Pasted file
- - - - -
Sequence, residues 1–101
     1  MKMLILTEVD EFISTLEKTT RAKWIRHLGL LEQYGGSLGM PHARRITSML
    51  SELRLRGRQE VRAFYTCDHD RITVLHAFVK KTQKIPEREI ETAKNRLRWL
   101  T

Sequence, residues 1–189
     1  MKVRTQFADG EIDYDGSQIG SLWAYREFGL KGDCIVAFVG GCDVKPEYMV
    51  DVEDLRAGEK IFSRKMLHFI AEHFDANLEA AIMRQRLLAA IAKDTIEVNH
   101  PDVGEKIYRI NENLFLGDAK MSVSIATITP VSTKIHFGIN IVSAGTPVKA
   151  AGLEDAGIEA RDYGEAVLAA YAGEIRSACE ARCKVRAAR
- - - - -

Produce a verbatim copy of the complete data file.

Sequence, residues 1–101
     1  MKMLILTEVD EFISTLEKTT RAKWIRHLGL LEQYGGSLGM PHARRITSML
    51  SELRLRGRQE VRAFYTCDHD RITVLHAFVK KTQKIPEREI ETAKNRLRWL
   101  T

Sequence, residues 1–189
     1  MKVRTQFADG EIDYDGSQIG SLWAYREFGL KGDCIVAFVG GCDVKPEYMV
    51  DVEDLRAGEK IFSRKMLHFI AEHFDANLEA AIMRQRLLAA IAKDTIEVNH
   101  PDVGEKIYRI NENLFLGDAK MSVSIATITP VSTKIHFGIN IVSAGTPVKA
   151  AGLEDAGIEA RDYGEAVLAA YAGEIRSACE ARCKVRAAR